About the Holiday
For hundreds of years losing baby teeth has conjured up stories, legends, and superstitions. The idea of paying for teeth may have come from the Vikings, who reportedly believed the teeth could make them better warriors and so paid their children for their teeth, which they fashioned into necklaces to wear in battle. Some people buried the teeth, wanting to hide them from witches and evil spirits. The first immaginary creature to actively search for and take teeth was perhaps a mouse, which is still taught in many countries today. From the mouse came the Tooth Fairy, who is one of those mysteries of childhood in America and other English-speaking lands.
Throw Your Tooth on the Roof: Tooth Traditions from Around the World
Written by Selby B. Beeler | Illustrated by G. Brian Karas
When children lose a tooth, it’s so exciting! They know it means they’re growing up. It also means they can participate in a tradition that is fanciful and fun. American kids put the tooth under their pillow, believing that while they sleep the Tooth Fairy will visit them, take the tooth, and leave them money. But what do kids in other countries do with their baby teeth?
In Throw Your Tooth on the Roof, Selby Beeler reveals traditions from 65 countries around the world. In many countries children are rewarded with money but the deliverer differs. El Ratón, a magic mouse, visits children in Mexico, Guatemala, Dominican Republic, Columbia, and other countries. A rabbit sneaks into homes in El Salvador, and in India, Korea, and Brazil birds take the tooth.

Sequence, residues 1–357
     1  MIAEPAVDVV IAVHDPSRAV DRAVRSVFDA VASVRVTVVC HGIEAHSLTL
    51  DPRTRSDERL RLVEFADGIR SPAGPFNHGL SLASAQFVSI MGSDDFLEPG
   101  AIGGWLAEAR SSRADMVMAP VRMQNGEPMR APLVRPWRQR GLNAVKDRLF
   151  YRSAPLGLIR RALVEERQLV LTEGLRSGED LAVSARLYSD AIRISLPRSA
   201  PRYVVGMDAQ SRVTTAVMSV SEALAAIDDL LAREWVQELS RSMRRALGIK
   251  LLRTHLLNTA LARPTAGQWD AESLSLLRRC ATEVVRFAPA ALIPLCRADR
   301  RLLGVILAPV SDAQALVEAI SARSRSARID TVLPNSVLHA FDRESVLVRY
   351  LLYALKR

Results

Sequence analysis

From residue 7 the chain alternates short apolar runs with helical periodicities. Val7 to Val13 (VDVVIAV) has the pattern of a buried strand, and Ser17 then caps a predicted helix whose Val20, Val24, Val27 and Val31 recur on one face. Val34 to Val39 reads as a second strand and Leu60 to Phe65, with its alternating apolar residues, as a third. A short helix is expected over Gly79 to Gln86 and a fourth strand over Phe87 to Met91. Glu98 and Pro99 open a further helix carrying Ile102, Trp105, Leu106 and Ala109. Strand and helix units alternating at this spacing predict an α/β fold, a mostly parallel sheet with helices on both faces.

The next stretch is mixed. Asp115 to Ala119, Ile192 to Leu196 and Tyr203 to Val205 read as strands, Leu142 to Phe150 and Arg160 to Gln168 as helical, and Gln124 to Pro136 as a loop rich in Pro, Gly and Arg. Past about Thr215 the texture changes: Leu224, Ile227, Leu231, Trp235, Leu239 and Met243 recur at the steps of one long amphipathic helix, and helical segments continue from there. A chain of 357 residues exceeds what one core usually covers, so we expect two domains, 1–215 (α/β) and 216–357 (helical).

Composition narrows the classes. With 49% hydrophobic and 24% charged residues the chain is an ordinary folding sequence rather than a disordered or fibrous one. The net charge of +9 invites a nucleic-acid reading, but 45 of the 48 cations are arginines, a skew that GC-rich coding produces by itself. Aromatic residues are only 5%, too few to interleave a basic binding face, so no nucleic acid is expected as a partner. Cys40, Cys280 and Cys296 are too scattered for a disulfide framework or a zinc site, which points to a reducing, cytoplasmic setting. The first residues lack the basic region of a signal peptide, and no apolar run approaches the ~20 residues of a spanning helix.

In some places what children do with their teeth doesn’t bring monetary riches, but the value of a beautiful smile. In Yellowknife Déné putting a lost tooth in a tree and dancing around it ensures that the new tooth grows in as straight as a tree. In many Asian countries upper teeth are placed in the ground and lower teeth are thrown on the roof in the belief that the new tooth will grow straight toward the old one.
Selby B. Beeler’s book offers children a fascinating way to learn about their counterparts in other countries through a common experience and rite of passage. Each description is accompanied by Brian Karas’ appealing illustrations of children in their native environment happily performing their tradition.
Ages 4 – 8
Houghton Mifflin Company, 2001 | ISBN 978-0618152384
Tooth Fairy Day Activity
Help the Tooth Fairy Find the Tooth Maze
The Tooth Fairy has a job to do, but she doesn’t know which way to go! Can you show her the right path? Print out the Help the Tooth Fairy Find the Tooth Maze and lead her to the tooth! The Solution is included.